Will Microsoft's all-in-one antivirus, firewall, tune up and restore software get the same enthusiastic reception as its AntiSpyware product?
Back in May Microsoft announced its plans to terrorise the antivirus, firewall, system tune up and restore market with its OneCare system. Partners scratched their furrowed brows, the likes of McAfee and Symantec got nervous and now, two months later, OneCare is in beta testing.
Rechristened “OneCare Live”, the programme is currently being distributed to a select group of users who registered their interest in the initial trial process, with wider availability ramped up slowly. The system is similar to the one the company has used successfully to roll out its hugely popular AntiSpyware software.
As for the product itself, Microsoft says the first incarnation is stripped of its antivirus functionally, with the next build introducing it “soon”. How does it look? Well – without an extensive hands on – it is impossible to say, but OneCare Live’s official website does make for promising reading and the simple red, yellow (it looks more orange to me) and green status icon system (below) is a nifty idea.
Of course, every time Microsoft debuts a new piece of software users get sceptical (and I have to say with fair reason), but I have found its AntiSpyware offering to be surprisingly effective and with mainstream rivals McAfee and Symantec consistently producing decent if cumbersome and resource intense software, the door could well be ajar for Evil Lord Redmond.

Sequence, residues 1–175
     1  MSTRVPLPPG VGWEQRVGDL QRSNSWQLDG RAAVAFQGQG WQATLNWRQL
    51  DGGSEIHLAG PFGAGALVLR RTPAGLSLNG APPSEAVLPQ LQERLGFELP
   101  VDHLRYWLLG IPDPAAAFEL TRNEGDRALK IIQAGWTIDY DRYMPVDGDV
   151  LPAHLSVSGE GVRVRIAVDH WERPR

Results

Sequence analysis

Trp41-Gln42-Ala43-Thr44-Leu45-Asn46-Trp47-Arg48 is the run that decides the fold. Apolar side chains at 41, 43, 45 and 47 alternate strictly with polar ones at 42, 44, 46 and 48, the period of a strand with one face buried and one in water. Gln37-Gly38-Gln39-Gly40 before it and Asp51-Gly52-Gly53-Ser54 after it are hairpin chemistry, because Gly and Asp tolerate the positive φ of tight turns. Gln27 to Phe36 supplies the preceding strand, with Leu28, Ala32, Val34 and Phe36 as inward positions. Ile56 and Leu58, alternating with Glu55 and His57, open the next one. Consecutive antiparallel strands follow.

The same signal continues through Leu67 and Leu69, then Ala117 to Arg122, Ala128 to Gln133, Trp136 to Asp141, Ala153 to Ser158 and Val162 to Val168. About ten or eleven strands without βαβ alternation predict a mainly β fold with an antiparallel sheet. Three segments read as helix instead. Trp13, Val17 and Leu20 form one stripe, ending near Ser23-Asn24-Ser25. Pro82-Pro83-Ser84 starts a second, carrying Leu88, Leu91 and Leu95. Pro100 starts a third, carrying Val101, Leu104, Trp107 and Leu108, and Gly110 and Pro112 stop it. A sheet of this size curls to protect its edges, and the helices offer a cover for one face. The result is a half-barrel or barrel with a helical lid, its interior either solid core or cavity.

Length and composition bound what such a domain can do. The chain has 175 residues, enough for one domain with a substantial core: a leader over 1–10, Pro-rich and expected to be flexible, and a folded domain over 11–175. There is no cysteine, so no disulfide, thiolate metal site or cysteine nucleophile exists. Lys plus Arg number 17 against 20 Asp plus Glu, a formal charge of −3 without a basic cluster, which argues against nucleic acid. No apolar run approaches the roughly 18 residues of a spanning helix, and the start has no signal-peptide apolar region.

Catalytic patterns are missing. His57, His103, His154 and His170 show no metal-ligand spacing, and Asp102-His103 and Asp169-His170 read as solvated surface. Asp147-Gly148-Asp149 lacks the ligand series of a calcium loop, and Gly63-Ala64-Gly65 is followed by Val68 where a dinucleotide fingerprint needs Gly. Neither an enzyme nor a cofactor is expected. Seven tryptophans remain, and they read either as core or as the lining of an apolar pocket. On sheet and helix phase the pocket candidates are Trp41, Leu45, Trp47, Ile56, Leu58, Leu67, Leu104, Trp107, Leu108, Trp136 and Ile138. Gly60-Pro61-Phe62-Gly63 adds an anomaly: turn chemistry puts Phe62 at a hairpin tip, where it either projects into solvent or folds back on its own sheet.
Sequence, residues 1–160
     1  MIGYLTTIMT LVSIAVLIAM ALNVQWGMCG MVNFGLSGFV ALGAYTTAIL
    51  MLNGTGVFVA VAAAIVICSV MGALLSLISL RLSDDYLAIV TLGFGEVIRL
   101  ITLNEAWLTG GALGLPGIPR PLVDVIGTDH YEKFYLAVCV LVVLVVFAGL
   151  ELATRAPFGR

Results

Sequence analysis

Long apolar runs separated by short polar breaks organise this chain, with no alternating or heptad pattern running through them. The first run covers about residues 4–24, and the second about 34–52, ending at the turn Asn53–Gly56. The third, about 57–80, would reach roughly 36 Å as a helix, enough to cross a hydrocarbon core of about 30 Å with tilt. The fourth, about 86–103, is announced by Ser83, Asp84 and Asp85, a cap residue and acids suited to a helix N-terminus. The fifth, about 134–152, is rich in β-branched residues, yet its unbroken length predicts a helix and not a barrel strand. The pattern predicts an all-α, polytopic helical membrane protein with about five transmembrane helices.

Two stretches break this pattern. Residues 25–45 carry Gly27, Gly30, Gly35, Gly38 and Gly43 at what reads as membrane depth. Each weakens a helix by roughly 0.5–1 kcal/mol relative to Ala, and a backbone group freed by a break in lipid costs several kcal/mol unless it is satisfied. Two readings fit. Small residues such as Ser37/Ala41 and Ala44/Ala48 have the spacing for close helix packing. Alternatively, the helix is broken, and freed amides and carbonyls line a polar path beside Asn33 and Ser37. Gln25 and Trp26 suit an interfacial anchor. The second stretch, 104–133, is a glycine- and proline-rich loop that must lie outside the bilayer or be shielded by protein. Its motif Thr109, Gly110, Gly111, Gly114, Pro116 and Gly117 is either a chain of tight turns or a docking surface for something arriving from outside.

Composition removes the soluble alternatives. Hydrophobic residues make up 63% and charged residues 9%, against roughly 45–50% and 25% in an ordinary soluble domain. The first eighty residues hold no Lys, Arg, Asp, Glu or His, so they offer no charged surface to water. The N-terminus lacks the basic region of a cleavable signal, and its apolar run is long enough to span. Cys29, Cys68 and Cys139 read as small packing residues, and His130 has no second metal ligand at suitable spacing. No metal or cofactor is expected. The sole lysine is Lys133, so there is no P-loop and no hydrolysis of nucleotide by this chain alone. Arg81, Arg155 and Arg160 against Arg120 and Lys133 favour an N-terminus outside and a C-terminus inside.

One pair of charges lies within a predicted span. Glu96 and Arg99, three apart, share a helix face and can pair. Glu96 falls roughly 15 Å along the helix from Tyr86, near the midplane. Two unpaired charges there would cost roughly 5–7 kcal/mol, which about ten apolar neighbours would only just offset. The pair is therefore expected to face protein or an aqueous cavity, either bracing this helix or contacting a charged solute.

Like AntiSpyware, Microsoft has yet to decide if it will charge for OneCare Live. Personally, I think a crafty policy of free installation coupled with an annually paid update subscription service is most likely, but I’ll tell you one thing: if ELR decides to bundle both products into Longhorn (now officially Windows Vista), the concept of a core-integrated, single manufacturer solution ”will” appeal to many.
Whether it is going to “appeal” to Microsoft’s long time antivirus partners AhnLab, Aladdin, ALWIL, BullGuard, Cat, Computer Associates, Dialogue Scanner, Eset, F-Secure, Frisk, GFI, GriSoft, Hauri, Kaspersky, McAfee, MicroWorld, Norman, Panda, Proland, Sophos, Sybari, Symantec, Trend Micro, VirusBuster and Zero-Knowledge is somewhat more doubtful… (*cough*)